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1. Migrants continue arriving in Chicago
Migrants from the southern border continue to arrive in Chicago, with Lori Lightfoot sending an open letter to Texas Governor Abbott to stop sending people here, underscoring Chicago’s commitment to being a Welcoming City and highlighting the fact that resources are exhausted. As shelters have been overwhelmed for months, migrants are now sleeping at police stations across the city and other makeshift shelters. Community organizations like Refugee Community Connections have stepped up to bring food and clothing to migrants, but housing and long-term solutions remain a challenge. If you’d like to help our new arrivals, you can check with your alderperson or learn more here.
2. ComEd bribery trial comes to an end
The “ComEd Four” trial concluded this week, finding former ComEd officials guilty of bribing former House Speaker Michael Madigan, set for his own trial next year. Illinois’ history of corrupt politicians has already led to several reforms, but the results of this trial may lead to more updates to ethics laws. Members of the Republican party have been quick to condemn Madigan and statewide corruption, hoping for an opening for their party in this Democratic state. It remains to be seen how this trial will affect statewide politics, but Madigan’s trial ahead of the DNC convention will certainly have the spotlight on Illinois.
3. Mourning Jordan Neely
JCUA mourns the loss of Jordan Neely, murdered on the New York City subway. Our movement partners at Jews for Racial and Economic Justice write that Neely’s killing is an indictment of failed approaches to public safety, housing, and healthcare, and remind us that unhoused people are our neighbors and valued community members.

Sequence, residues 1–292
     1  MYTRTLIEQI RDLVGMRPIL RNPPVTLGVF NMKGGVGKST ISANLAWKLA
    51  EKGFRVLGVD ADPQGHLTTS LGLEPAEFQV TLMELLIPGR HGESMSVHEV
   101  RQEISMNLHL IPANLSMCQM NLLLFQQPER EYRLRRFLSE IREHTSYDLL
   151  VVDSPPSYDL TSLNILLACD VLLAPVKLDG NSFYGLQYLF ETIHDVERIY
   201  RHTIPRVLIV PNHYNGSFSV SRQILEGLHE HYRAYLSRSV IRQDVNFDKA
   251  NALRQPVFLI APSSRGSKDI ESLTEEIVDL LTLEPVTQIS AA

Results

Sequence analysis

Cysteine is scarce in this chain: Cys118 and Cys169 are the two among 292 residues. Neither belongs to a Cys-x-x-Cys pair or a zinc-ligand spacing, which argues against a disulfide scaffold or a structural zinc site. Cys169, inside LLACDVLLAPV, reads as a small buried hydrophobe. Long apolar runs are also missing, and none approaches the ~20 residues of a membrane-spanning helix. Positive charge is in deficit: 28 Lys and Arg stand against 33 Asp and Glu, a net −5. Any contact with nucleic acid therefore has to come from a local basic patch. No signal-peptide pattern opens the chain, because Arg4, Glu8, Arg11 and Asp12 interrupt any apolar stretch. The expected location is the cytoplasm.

In Chicago, we’re also seeing the devastating ramifications of the lack of investment in housing, mental health services, and the criminalization of unhoused people. After the murder of an unhoused man by a CTA employee, Chicago Reader’s Katie Prout wrote about the conflation of feeling uncomfortable on public transportation when faced with the reality of the homelessness crisis, and actually being unsafe, asking “When the very presence of unhoused people on the CTA is considered a public safety concern, who is the public, and what are we keeping them safe from?” JCUA remains committed to working for long-term solutions for the health and safety of all Chicagoans, including Bring Chicago Home and Treatment Not Trauma.
4. Celebrating Gerry & Steve Keen at Acts of Change
At Acts of Change, we are excited to present the Rabbi Marx Award for Social Justice to two remarkable individuals, Gerry and Steve Keen, whose lifelong dedication to justice and connection to JCUA have made a significant impact in our community. We hope you’ll join us on Tuesday, June 6 to celebrate!
Gerry first worked with Head Start on the North side of Chicago, where she tutored and mentored students from underinvested communities. After graduating college in the 1960s, Gerry would spend her days advocating for young women in Cook County Juvenile Court and her nights marching down Michigan Avenue in support of civil rights. As Gerry and Steve raised their children, she became active with the National Council of Jewish Women, where she helped establish a telephone directory line for resources and support, called Telehelp.
Steve has been an active member and supporter of JCUA for decades. He worked closely with the Community Ventures Program (CVP), our revolving, zero-interest loan fund that supports affordable housing projects. He has served many leadership roles within JCUA, including long-time advisor, Board member, CVP Advisory Committee member, and Board President. In addition to JCUA, Steve has worked closely with justice-focused organizations across Illinois, including Executive Service Corps, Family Service of Lake County, and United Way of the Northern Suburbs.